MTA Worker Saves Dozens of Cats from Subways and Railroads

Stray cats get a rough deal. Life on the streets is a cold, hard existence, even with a thick coat and a full set of claws to protect them. In big cities like New York, the situation is even worse. Not only do the stray cats of the city have to deal with the constant worry of where their next meal is coming from, but there’s also the never-ending traffic, the busy streets, and the general craziness to deal with. Fortunately, the plight of stray cats in New York isn’t quite so hopeless, nor so lonely, as it once was.

As a child growing up in Greenpoint, Subway maintenance supervisor Thomas Doerbecker was surrounded by cats, dogs, turtles, snakes, fish, and birds. It imbued him with a lifelong love for animals that’s proving invaluable to the stray cats of the Big Apple. Doerbecker has been extending the hand of friendship to the city’s cats since 2017. Over the course of just three years, he’s helped rescue and save dozens of stray felines. At a time when everything seems just a little grimmer than it ever has before, Doerbecker’s story is just what we all need.

Rewind to the Thanksgiving weekend of 2017. Thomas Doerbecker, a life long animal lover and cat fancier, is spending the weekend at work. Midway through his shift, his manager approaches him with a strange request. A stray cat has been wandering around Brooklyn’s subways for weeks. Transit workers had been working to lure it out but so far, the cat has been resisting all rescue attempts. Could Doerbecker help out?

He could.

“My boss knew I take care of cats. I said I’ll go try,” Doerbecker, a 27 year veteran with the MTA, recalls to the New York Post. Doerbecker went out immediately to buy what he’d need to get the job done. “I brought a trap, a humane trap like they use to catch raccoons and stuff like that,” he says. He also bought plenty of cat food to try and tempt the stray out of the subway’s cavernous depths. The ploy worked. ” (I) baited (the trap) with some food. He went in and we caught him,” he recalls.

Carrying On the Good Work

Since his first rescue in 2017, MTA bosses have called on Doerbecker’s services around 2 or 3 more times. But these days, he doesn’t sit back and wait to be asked – he actively works to help as many strays as he can. Over the past few years, 57-year-old Doerbecker has recused dozens of strays, making it his mission to pull as many endangered kitties from the city’s perilous rail yards as possible. “I don’t like to see a cat running on a track,” he says via Newzinto. “They run and hide if a train comes, but a stray cat, sooner or later, is going to get hit.”

Using humane spring traps, Doerbecker entices the cats with food and treats. Once he catches them, he gets them fixed before deciding on the best course of action. He prepped himself for his duties by signing up for a “trap, neuter, release” class at a local animal rescue center. The course trained him in the basics of how to safely catch cats, along with the importance of getting them neutered or spayed. But according to Doerbecker, he’s been able to figure out most of it through good old common sense. “They teach you how to catch,” he says. “They tell you how to do it, what kind of trap to use, but it’s basically common sense.”

The Importance of Trap-Neuter-Release Programs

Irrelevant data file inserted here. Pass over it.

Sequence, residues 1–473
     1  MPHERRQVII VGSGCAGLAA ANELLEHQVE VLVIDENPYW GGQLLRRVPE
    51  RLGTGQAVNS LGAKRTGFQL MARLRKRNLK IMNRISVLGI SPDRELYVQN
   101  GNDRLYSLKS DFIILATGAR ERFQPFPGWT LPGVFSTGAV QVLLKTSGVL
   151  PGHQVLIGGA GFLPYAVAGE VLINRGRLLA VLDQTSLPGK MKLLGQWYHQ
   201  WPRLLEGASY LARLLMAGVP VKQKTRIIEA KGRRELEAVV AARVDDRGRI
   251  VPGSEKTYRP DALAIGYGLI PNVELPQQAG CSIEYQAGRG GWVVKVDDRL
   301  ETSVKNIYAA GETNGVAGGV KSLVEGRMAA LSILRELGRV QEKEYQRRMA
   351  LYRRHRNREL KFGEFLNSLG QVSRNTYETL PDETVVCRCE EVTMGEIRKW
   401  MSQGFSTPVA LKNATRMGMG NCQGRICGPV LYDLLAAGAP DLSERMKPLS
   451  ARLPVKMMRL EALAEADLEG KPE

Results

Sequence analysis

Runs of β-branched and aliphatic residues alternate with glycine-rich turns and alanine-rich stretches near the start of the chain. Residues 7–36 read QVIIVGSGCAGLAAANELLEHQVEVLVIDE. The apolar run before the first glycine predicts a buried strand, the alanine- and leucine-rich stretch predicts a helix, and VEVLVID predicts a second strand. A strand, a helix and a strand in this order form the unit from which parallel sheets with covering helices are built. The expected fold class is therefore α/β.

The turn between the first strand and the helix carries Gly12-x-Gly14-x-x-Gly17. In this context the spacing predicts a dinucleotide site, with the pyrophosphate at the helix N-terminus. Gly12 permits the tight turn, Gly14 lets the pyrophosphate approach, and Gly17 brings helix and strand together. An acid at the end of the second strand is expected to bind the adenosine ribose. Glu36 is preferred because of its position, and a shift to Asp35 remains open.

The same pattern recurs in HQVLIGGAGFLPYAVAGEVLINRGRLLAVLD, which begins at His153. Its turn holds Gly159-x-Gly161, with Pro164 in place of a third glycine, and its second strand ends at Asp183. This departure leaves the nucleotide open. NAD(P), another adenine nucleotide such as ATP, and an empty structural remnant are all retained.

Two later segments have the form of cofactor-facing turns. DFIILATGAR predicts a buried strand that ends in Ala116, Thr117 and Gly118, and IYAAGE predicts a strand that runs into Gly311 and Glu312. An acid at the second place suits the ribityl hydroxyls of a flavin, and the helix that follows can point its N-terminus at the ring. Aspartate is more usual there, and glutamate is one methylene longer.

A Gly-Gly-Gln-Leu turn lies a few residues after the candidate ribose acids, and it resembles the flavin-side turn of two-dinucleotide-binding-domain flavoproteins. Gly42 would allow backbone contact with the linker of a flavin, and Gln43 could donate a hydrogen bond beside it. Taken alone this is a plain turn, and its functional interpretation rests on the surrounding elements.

Common sense or not, Trap-Neuter-Release programs play a vital role in stabilizing the ever-growing feral cat populations of cities like New York. As Alley Cats Allies explains, the programs work by instantly ending reproduction, ending the constant stresses of mating and pregnancy, and by removing socialized cats from the colony. Once re-released, feral cats are statistically more likely to live long and healthy lives. Their coat condition improves, they stray less, and they tend to put on a healthy amount of weight. During one 11 – year study into the impact of Trap-Neuter-Release programs at the University of Florida, 83 percent of the cats in managed Trap-Neuter-Release colonies were found to have been living in those colonies for more than six years, indicating an average lifespan comparable to that of pet cats.

A Better Life

Once the rescued cats have been fixed, Doerbecker decides on whether they stand a chance of being rehomed. As feral cats are almost impossible to re-home (unlike strays, feral cats have never learned how to live alongside humans, and are usually much too skittish and nervous around people to be domesticated), Doerbecker will re-release wild and feral cats into a safe area. Stray cats that have lived with people before and could comfortably do it again are re-homed. “If they’re good, if they’re trainable and I think they could be adopted out… I’ll try to get them adopted out,” Doerbecker explains.

Over the years, he and his wife, who live on Staten Island, have even offered several of the rescued cats a home themselves. Their current menagerie is made up of six cats of their own and seven foster cats. Two of his permanent feline residents, Peanut and Rusty, are ones that Doerbecker has rescued. In total, Doerbecker reckons he’s saved around 50 cats from the rail yard where he works in Sunset Park. It’s a big number already, but Doerbecker has no plans on stopping there. Despite his efforts to save as many cats as possible, their numbers are still increasing, while the risk they face is as great as ever. “You got loose cats all around,” he says. “I’ve seen cats run over. It’s not a great environment for an animal.”

It’s not, but thanks to Doerbecker, it’s an environment that many cats don’t have to suffer for long.

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